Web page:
In 1987, a week before the Breeders’ Cup, Stevens was sidelined after suffering a broken ankle in a starting-gate accident at Santa Anita. At the most recent Breeders’ Cup, in November, Stevens rode at Gulfstream Park even though his knees would have voted against it.

“If you had seen my knee the night before, you would have laid heavy odds that I wasn’t going to ride,” he said. “But I had Anees [who won the Juvenile] and Royal Anthem [who finished second to Daylami in the Turf], and I wanted to be there.”

Last June, Stevens left California for England, hoping that steady horsebacking over grass would be an elixir for his knees.

“That backfired on me,” he said. “The courses there were undulating, compared to the flat courses in the U.S., and there were both left-handed and right-handed turns. There was more shock for my legs over there than there was here.”


By the end of January, Stevens should know which direction his new career will be taking. He will be 37 on March 6.

“I know it’s going to take a big adjustment,” he said. “The first few mornings [after he retired], I had a difficult time staying away [from the track]. There’s been some depression. For a long time, I was the first guy in the jocks’ room and the last guy out, so I’m definitely going to miss that part. I’m going to have to take a deep breath and move on.”

The Thoroughbred Corp., the formidable racing outfit owned by Prince Ahmed Salman of Saudi Arabia, had hoped that Stevens would ride under his contract for at least three or four more years, then move into management. Salman still wants Stevens to work for him.

“They’re putting no pressure on me,” Stevens said. “And they’ve made me a nice offer. It’s an offer that was more generous than I expected, and it’s very tempting. But rather than make a critical decision right away, I’m going to take a little time.”

His four children from his first marriage range in age from 7 to 16.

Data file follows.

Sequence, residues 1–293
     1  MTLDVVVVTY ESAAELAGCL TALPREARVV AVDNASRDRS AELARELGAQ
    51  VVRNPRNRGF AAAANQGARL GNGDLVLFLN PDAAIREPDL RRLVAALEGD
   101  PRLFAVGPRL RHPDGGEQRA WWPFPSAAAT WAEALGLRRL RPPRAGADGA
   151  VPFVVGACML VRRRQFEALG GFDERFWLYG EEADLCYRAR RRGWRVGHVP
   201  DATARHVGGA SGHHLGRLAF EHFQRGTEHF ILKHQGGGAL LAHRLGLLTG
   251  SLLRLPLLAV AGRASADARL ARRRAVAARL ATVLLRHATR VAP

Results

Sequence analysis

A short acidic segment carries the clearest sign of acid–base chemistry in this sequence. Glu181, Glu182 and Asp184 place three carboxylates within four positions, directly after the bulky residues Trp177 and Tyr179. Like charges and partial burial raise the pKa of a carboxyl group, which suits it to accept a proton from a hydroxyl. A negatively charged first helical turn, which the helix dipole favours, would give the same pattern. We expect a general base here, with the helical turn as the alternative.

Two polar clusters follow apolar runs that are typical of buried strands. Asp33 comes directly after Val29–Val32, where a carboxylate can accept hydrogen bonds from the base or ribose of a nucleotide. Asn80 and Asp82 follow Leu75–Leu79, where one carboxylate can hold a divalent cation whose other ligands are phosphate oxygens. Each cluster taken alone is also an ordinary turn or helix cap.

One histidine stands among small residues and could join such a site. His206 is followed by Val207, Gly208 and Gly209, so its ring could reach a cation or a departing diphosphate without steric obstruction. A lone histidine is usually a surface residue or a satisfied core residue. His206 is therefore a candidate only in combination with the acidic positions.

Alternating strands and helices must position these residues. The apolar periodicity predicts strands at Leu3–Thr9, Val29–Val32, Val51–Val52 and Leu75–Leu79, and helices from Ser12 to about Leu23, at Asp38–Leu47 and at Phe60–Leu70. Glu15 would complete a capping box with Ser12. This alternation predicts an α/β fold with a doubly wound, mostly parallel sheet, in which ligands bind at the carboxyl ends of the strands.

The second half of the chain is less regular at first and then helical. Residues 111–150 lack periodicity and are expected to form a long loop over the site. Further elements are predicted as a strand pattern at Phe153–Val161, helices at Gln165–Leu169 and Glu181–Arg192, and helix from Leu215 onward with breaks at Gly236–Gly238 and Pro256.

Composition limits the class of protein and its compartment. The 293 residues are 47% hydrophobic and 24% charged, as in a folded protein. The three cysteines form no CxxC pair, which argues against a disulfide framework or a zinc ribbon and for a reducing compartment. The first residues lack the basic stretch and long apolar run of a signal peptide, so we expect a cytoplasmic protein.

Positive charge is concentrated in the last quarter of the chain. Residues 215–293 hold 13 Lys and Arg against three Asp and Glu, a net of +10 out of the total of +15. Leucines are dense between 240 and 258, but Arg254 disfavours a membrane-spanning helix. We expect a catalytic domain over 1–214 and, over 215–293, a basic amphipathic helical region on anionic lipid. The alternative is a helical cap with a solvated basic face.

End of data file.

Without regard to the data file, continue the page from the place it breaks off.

“This is one of the positives,” Stevens said. “I’m going to be able to do things with them that I didn’t do before. I was riding so much that I was mentally tired most of the time. I just didn’t feel like doing anything else.”


Mike Pegram, a candidate for the Eclipse Award as owner of the year, won his 21st stake of 1999 Thursday when Gibson County, a colt Pegram also bred, beat Stormy Jack by a neck in the $150,000 California Breeders’ Champion Stakes at Santa Anita.


“It’s been a phenomenal year,” Pegram said. “They’ve named this place right--the Great Race Place--and it’s a great place to win races. When I was driving to the track today, I thought about how it was 10 years ago, when I wasn’t close to anything like this. Back then, it seemed like there was no way I’d ever be here. There were a lot of lonely nights at Los Alamitos.”

Hollywood Park Inc. sold its last racetrack holding when Jerry Simms bought Turf Paradise in Phoenix for an undisclosed sum. Simms said that he plans to continue racing at the track. Hollywood Park Inc., which sold its flagship track, Hollywood Park, to Churchill Downs in May for $140 million, will concentrate on casino gambling and under a lease arrangement with Churchill continues to operate the casino at the Inglewood track.